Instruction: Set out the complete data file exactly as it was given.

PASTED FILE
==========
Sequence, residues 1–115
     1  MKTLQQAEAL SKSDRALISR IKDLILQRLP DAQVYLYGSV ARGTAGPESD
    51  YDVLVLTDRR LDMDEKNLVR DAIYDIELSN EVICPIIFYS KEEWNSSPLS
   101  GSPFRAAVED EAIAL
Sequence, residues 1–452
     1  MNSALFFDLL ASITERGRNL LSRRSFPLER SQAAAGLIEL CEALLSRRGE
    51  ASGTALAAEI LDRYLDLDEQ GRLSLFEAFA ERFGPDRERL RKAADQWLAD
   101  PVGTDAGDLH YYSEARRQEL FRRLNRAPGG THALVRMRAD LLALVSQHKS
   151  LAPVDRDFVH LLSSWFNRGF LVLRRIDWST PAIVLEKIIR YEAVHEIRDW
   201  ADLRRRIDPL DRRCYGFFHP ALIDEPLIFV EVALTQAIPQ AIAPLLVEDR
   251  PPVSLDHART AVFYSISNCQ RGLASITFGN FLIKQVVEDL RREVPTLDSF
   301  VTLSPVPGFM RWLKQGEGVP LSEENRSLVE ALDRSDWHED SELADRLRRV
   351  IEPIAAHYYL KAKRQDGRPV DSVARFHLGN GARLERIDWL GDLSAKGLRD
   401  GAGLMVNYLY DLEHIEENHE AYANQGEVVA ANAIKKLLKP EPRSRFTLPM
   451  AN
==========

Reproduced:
Sequence, residues 1–115
     1  MKTLQQAEAL SKSDRALISR IKDLILQRLP DAQVYLYGSV ARGTAGPESD
    51  YDVLVLTDRR LDMDEKNLVR DAIYDIELSN EVICPIIFYS KEEWNSSPLS
   101  GSPFRAAVED EAIAL
Sequence, residues 1–452
     1  MNSALFFDLL ASITERGRNL LSRRSFPLER SQAAAGLIEL CEALLSRRGE
    51  ASGTALAAEI LDRYLDLDEQ GRLSLFEAFA ERFGPDRERL RKAADQWLAD
   101  PVGTDAGDLH YYSEARRQEL FRRLNRAPGG THALVRMRAD LLALVSQHKS
   151  LAPVDRDFVH LLSSWFNRGF LVLRRIDWST PAIVLEKIIR YEAVHEIRDW
   201  ADLRRRIDPL DRRCYGFFHP ALIDEPLIFV EVALTQAIPQ AIAPLLVEDR
   251  PPVSLDHART AVFYSISNCQ RGLASITFGN FLIKQVVEDL RREVPTLDSF
   301  VTLSPVPGFM RWLKQGEGVP LSEENRSLVE ALDRSDWHED SELADRLRRV
   351  IEPIAAHYYL KAKRQDGRPV DSVARFHLGN GARLERIDWL GDLSAKGLRD
   401  GAGLMVNYLY DLEHIEENHE AYANQGEVVA ANAIKKLLKP EPRSRFTLPM
   451  AN